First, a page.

With the “don’t touch anything” approach to handling COVID, particularly at restaurants, we’re seeing a bit of a resurgence with QR codes. Couple that with the fact that iPhone and Android both read QR codes from the main camera app (instead of needing a separate app) means that they’ll likely stick around to some degree.
QR codes > Bar codes
QR codes are more amazing than you might realize. With most “codes”, like bar codes on products, it simply references a number that the system needs to go back to someone’s database in order to figure out what it means. For example, you might scan a gallon of milk and get the number 123456789, which the system then tracks back to see what “123456789” really means.
QR codes are different. Rather than needing to rely on a database somewhere to translate them for you, the full content of what you want to share is literally in the code itself. It’s a bit complicated how they do it, but when you scan a QR code and it gives you a website address to visit, that website address is literally in that QR code, made up of the various modules — the dots that make up the code itself.
Open = Good
As you might have guessed, I love that approach. I’m a big believer of owning your own content to the extent possible, and no one can ever own the database behind QR codes — because there isn’t one! Every QR code stands on its own, and no one can stop that. It’s excellent.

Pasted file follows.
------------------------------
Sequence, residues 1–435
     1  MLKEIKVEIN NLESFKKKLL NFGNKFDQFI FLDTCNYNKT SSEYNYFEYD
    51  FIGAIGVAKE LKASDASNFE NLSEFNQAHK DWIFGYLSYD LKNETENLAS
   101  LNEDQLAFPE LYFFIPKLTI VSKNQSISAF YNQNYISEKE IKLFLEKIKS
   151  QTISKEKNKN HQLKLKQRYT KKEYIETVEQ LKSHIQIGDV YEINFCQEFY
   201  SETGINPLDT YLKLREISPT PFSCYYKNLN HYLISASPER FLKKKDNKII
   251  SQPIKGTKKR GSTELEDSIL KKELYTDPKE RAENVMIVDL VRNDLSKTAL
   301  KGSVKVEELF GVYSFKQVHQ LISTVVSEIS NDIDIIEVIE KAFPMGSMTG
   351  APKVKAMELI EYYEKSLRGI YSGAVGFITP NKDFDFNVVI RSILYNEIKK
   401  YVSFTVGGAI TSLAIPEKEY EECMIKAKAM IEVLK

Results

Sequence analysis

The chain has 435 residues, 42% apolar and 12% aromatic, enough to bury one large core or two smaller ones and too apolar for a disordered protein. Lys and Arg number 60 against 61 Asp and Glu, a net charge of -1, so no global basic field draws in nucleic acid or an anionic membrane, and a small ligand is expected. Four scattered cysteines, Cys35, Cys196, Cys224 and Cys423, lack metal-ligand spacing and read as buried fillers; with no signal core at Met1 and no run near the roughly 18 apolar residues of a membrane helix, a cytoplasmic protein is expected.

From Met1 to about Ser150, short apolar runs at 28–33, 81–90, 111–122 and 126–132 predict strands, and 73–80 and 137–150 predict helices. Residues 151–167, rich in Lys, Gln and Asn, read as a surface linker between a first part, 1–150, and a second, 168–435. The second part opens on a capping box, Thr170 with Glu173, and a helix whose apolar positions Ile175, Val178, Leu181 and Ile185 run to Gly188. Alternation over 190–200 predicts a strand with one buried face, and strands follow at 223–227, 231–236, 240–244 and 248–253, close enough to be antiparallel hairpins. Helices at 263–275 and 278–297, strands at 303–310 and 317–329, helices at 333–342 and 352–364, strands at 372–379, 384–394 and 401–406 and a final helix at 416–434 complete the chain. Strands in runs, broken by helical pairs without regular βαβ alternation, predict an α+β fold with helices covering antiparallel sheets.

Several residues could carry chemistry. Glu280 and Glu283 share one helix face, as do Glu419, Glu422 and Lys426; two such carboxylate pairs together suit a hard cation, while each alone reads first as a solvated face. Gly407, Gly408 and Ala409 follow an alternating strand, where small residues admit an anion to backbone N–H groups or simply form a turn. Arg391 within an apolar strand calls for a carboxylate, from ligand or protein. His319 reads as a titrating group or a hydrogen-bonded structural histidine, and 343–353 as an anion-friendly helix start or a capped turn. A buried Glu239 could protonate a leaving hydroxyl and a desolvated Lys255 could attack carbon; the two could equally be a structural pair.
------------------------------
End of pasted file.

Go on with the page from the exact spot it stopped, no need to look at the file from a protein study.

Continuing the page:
This also leads to a pretty big downside. With a gallon of milk, that “123456789” barcode can lead to a database with a ton of information about what you scanned. With a QR code, you’ve got to jam all of that information into the code itself. They can hold quite a bit of information, but the more you put into one, the smaller the modules get and the harder it is to read.
For example, the link to this post is:
That can be show using this QR code:
Really, that one isn’t too bad. However, what if I wanted to put a tracking URL on it? Maybe I add some tracking data to the end, and have a link like this:
Now the QR code uses much smaller dots, and could potentially be harder to read (especially on a greasy menu at a restaurant):
To do it right, though, I can put it through a URL shortener (like bit.ly) to make it super short. Here’s short URL for this post: http://gmm.to/qr
The result? A super clean QR code with nice big modules.
That’s what you want to produce. Using a short URL offers a few great advantages:
- As you see, it makes for a much simpler QR code.
- Depending on the shortening tool you use, you can change the destination of the link. Back to to the restaurant example, you might start using a different online menu system and need to update those links. You can reprint all of the menus with a new QR code — or just change where your shortener points! That’s often only available with paid plans on shortening tools, but it’s worth considering.
Next time you need to make a QR code for something, take an extra 30 seconds to shorten your link and make it work better.
Also, I used https://www.the-qrcode-generator.com/ to create those QR codes, and it’s a pretty simple and solid tool to use.
Side note: I saw this while watching a basketball game last night. Not only are the modules tiny and hard to scan, but they barely left it on the screen long enough to snap a quick photo of it. This strikes as a rather poorly thought-out plan.